Published On: Thu, Jan 12th, 2017

Facebook-hunt drags wrong defendant into court

GREAT BAY – An intruder stabbed a woman in her home on Back Street at 6 a.m. on December 27, 2015. The victim sustained serious stab wounds to her back and it took ten hours or surgery to save her life. Yesterday, 24-year-old Rudolph Ricardo M. was in court, accused of attempted manslaughter, but the judge was quickly done with the case: “There is not a shred of evidence against you,” he told the defendant before acquitting him of the crime.

Young man acquitted of attempted manslaughter

The public prosecutor had a different opinion though. Initially, he wanted to postpone the case to a later date, saying that the investigation was not complete yet. DNA-tests on a piece of clothing belonging to the intruder showed no DNA-traces matching the defendant’s profile.

“That is not exculpatory, it just does not incriminate the defendant,” the prosecutor said. He also wanted a report from the probation office and, if need be, a psychological evaluation of the defendant.

But the court rejected the request: “We cannot leave this defendant forever in uncertainty and the arguments of the prosecutor are not convincing,” the judge said. “Finding the real culprit does not stand in the way of handling this case today. Why it is necessary to further investigate the person of the defendant is hard to understand.”

On December 28, 2015, the woman was attacked in the early morning hours by a man with a knife. He demanded money and threatened her with a knife that he would later also use on her. The victim’s son and daughter came down when they heard the commotion and a neighbor saw a man flee the house.

It remains unclear how the nickname Bébé got into the mix, but this inspired the victim’s son to do a search on Facebook. It brought up a picture of the defendant and this piece of private investigation led to the defendant’s arrest.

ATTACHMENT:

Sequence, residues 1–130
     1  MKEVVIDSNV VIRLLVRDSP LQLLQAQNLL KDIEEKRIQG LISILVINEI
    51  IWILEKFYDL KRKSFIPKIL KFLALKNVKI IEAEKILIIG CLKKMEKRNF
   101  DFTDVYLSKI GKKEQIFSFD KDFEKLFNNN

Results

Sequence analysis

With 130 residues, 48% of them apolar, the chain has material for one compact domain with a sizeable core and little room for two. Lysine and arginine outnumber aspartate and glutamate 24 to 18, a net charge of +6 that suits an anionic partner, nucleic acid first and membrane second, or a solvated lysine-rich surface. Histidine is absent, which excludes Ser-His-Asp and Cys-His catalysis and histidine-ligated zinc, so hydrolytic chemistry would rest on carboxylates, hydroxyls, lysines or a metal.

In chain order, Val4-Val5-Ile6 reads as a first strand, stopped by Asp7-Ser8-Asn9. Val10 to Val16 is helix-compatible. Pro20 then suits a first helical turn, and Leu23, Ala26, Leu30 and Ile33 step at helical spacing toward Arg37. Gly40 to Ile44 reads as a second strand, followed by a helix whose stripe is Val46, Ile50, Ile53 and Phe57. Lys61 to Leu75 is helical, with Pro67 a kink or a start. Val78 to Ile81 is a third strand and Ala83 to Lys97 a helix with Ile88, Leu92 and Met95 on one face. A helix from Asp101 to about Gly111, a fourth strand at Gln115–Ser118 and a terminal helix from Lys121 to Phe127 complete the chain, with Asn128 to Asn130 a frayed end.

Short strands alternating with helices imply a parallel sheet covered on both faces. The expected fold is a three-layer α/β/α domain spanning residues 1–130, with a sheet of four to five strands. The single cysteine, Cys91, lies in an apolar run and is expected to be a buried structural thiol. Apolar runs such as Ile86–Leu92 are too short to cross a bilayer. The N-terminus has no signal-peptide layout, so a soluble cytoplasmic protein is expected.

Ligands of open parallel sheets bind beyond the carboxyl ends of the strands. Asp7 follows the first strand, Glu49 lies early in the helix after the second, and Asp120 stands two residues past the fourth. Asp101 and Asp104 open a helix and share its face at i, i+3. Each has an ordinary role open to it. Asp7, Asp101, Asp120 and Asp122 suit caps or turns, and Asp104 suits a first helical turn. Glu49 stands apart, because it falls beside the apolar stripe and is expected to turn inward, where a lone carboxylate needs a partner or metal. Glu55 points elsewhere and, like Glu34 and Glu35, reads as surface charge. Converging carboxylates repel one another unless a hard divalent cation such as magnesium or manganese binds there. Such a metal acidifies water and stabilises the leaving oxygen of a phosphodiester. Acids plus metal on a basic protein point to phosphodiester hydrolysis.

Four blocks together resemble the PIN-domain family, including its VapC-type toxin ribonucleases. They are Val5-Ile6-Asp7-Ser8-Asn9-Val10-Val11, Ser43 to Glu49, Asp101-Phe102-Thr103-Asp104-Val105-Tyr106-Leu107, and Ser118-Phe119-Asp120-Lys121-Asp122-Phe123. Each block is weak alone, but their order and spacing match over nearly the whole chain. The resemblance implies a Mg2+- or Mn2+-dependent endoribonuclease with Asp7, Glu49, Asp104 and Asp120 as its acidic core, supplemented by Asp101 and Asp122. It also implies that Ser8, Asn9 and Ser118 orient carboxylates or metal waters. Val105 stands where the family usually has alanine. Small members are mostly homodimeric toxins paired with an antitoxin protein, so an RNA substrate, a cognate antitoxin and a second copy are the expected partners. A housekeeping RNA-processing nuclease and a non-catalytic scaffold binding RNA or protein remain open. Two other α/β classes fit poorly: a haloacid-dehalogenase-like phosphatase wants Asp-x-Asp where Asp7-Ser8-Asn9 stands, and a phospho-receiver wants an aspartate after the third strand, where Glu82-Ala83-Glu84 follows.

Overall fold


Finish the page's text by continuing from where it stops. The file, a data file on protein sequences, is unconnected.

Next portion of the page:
Not surprisingly, the victim, the son, the daughter and the neighbor later ‘recognized’ the defendant in a photo confrontation at the police station; they had seen the picture before.

Yet the prosecutor based his evidence on the recognition of the defendant from this photo confrontation. He also noted that the defendant did not have a rock solid alibi for the time of the attack. He demanded 4 years of imprisonment.

Attorney Safira Ibrahim pointed out that the witnesses had given starkly different descriptions of the attacker and that the son had made an incorrect statement about the presumed involvement of someone called Bébé. And while the victim told police that her attacker had a beard, the defendant was on the date of the attack clean-shaven. Ibrahim concluded that there is insufficient legal and convincing evidence for a conviction and asked the court to acquit her client.

The judge agreed. “There is no discussion about what happened. But did this defendant do it? I do not think so; there is not a single link between the victim and the defendant and this attack was something personal – an attempt to kill someone. It is unlikely that something like that is done by someone who does not know the victim at all.”

The judge agreed with attorney Ibrahim: “The son heard something, did a search on Facebook and decided: this has to be the one. The photo confrontation was months later. It seems logical that the son showed the picture he found on Facebook to the others, so the witnesses were influenced and the recognition is unreliable. There is not a shred of evidence against this defendant.”

The judge acquitted the defendant of all charges.